The Fallen Angels in John Milton's Paradise Lost

Powerful Essays
The Fallen Angels in Paradise Lost

The fallen angels are Satan's minions and the voices by which

Milton may express a variety of opinions and views, showing the diversity

and intricacies of Hell, and the immorality of their actions and proposals.

Whilst we are often impressed by the skill with which the individual

leaders perform their tasks and speeches, we are never left in any doubt as

to the truth of G-d, and the futility of their debates. By examining the

angels as a group, Milton is able to leave the infernal dungeon, to take a

flight throughout history, giving his own point of view. It is thus that

Books I and II of "Paradise Lost" are so unique, as the alternative, and

less-frequently explored world of the devils, is probed in such a

fascinating manner.

Milton uses the story of the fallen angels to open out on numerous

eras, civilisations, myths and stories, allowing him to convey his own

perception of the world's history, as the reader is guided through various

points in time. Before we are introduced to the individuals, Milton

depicts an enormous army of different species, each of changeable size and

form. The image of a "pitchy cloud / Of locusts" to describe them as they

rise from the burning lake is especially apt, given the destructive nature

of, and biblical references to these insects. Milton states that they lost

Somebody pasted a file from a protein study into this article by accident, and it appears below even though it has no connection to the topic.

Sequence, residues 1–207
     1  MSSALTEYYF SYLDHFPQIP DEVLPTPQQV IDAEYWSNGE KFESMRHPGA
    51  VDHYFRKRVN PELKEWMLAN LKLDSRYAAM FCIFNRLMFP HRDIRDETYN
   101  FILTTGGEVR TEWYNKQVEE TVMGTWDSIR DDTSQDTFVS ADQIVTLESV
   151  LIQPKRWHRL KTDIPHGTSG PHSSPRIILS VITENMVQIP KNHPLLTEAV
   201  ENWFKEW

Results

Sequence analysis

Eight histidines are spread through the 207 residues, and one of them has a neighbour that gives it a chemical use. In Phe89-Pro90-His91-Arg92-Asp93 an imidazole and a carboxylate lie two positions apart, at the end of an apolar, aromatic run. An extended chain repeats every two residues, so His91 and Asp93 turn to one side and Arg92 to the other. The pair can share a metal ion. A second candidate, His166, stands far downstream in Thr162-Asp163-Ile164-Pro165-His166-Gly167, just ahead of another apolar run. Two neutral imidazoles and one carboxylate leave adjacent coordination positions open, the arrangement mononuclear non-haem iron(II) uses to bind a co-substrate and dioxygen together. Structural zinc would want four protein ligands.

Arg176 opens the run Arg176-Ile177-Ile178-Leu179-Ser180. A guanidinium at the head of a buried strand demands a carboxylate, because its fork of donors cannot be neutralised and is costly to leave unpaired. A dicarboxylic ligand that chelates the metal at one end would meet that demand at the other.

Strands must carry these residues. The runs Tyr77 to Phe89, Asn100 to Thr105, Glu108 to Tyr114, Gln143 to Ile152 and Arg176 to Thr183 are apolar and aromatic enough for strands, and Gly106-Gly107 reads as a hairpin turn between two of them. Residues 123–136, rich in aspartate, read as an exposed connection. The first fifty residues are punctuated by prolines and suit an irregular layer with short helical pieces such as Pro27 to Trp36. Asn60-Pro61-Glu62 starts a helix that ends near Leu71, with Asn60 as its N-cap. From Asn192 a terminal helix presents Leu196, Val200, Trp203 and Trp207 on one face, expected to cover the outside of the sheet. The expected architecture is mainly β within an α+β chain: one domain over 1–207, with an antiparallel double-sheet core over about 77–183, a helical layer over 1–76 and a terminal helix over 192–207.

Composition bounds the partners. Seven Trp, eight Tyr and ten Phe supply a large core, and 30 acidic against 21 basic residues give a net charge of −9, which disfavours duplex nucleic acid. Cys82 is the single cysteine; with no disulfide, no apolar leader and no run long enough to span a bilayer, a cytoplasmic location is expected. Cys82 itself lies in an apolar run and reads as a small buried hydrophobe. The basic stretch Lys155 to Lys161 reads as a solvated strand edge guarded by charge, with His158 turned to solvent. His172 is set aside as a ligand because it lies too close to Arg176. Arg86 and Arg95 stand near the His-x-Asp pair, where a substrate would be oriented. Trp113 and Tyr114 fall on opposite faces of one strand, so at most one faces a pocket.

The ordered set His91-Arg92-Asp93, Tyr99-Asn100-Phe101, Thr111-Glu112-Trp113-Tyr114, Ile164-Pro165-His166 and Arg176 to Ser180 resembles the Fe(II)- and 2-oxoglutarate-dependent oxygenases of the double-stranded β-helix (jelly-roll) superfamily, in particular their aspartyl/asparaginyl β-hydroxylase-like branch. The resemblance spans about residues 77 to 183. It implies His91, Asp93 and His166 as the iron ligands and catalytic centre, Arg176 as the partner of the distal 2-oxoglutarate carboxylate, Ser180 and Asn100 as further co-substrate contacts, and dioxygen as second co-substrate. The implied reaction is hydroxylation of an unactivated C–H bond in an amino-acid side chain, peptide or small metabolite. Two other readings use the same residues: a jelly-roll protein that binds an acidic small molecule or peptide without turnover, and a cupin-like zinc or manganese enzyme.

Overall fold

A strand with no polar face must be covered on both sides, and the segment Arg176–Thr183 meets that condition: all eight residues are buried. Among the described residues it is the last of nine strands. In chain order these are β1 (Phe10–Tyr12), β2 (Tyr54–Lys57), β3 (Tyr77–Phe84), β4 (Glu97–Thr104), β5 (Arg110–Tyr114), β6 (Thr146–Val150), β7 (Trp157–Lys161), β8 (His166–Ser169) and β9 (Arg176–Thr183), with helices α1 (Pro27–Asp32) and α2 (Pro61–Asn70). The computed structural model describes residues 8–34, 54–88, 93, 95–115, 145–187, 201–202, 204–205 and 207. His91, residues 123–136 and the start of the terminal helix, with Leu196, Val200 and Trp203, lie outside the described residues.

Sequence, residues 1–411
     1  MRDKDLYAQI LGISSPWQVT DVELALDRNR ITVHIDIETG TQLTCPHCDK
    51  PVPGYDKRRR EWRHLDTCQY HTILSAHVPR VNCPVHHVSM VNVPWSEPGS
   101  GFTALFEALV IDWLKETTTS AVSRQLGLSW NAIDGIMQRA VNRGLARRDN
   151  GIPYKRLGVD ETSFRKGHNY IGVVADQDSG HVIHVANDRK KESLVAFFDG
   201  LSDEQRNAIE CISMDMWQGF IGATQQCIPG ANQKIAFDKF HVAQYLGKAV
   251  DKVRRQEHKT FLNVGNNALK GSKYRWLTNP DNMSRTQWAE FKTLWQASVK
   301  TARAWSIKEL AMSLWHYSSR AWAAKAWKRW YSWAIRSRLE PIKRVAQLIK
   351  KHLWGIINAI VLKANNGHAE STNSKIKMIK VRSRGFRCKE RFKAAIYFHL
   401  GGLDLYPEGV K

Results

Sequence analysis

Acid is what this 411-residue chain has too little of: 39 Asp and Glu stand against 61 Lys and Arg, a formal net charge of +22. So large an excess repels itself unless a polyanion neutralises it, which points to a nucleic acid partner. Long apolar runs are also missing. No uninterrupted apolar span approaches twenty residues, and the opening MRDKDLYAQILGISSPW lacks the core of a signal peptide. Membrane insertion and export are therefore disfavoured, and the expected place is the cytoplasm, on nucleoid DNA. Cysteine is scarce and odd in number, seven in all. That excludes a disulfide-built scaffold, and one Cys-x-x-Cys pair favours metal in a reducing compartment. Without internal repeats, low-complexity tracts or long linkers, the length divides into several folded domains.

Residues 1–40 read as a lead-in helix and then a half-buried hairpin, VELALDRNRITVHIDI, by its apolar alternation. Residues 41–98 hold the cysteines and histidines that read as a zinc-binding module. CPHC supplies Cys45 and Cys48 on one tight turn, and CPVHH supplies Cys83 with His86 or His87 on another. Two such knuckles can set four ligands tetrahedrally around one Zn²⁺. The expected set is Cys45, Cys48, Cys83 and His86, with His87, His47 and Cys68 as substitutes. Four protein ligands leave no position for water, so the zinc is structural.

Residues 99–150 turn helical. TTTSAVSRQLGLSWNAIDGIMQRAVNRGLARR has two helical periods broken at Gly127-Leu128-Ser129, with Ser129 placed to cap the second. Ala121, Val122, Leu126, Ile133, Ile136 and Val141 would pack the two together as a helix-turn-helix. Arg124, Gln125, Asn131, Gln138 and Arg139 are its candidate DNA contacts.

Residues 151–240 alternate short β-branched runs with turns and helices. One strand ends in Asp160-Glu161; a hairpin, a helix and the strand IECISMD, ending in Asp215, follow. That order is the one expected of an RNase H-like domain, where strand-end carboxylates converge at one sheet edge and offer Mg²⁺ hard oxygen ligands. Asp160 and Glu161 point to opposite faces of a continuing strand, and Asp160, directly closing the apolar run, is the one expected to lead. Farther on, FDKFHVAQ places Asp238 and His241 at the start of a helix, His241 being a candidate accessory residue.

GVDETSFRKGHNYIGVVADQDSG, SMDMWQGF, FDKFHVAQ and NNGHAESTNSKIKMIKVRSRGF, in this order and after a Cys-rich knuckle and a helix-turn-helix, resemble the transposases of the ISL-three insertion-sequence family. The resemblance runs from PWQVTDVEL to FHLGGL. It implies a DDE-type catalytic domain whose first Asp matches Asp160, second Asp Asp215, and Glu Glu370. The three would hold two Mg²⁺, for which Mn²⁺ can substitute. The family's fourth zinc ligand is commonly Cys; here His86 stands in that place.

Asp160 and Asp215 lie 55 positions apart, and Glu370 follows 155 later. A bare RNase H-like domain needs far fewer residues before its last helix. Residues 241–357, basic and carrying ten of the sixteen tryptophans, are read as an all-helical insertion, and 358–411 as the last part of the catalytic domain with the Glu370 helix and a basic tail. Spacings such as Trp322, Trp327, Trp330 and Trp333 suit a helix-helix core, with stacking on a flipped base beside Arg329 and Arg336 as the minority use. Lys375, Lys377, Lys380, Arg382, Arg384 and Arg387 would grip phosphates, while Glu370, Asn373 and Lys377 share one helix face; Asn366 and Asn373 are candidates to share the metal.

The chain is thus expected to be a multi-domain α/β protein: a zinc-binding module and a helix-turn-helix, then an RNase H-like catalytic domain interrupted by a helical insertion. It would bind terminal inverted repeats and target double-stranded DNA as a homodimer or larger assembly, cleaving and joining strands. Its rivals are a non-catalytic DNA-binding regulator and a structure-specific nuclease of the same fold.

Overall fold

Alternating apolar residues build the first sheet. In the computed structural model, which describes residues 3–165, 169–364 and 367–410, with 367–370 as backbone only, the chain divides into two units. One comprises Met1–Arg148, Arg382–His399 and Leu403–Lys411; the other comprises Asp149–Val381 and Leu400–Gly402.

their original names after the Fall ("Got them new names, till wand'ring

o'er the earth") and that they became known to man as the heathen idols of

the Old Testament and the pagan deities of Egypt and Greece. A rich

portrait of mythological and biblical history is painted, t...

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...ilton. New York: Norton, 1957.

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Criticism. New York: Norton, 1975.

Fox, Robert C. "The Allegory of Sin and Death in Paradise Lost." Modern Language

Quarterly 24 (1963): 354-64.

---. "Milton's 'Sin': Addenda." Philological Quarterly 42 (1963): 120-21.

Johnson, Samuel. "Paradise Lost." Elledge 521-34.

Lewis, C. S. A Preface to Paradise Lost. Rpt. New York: Oxford UP, 1979.

Milton, John. Paradise Lost. In John Milton: Complete Poems and Major Prose. Ed.

Merritt Y. Hughes. Indianapolis: Odyssey, 1980.

O'Keeffe, Timothy J. "An Analogue to Milton's 'Sin' and More on the Tradition."

Milton Quarterly 5 (1971): 74-77.

Patrick, John M. "Milton, Phineas Fletcher, Spenser, and Ovid--Sin at Hell's Gates."

Notes and Queries Sept. 1956: 384-86.
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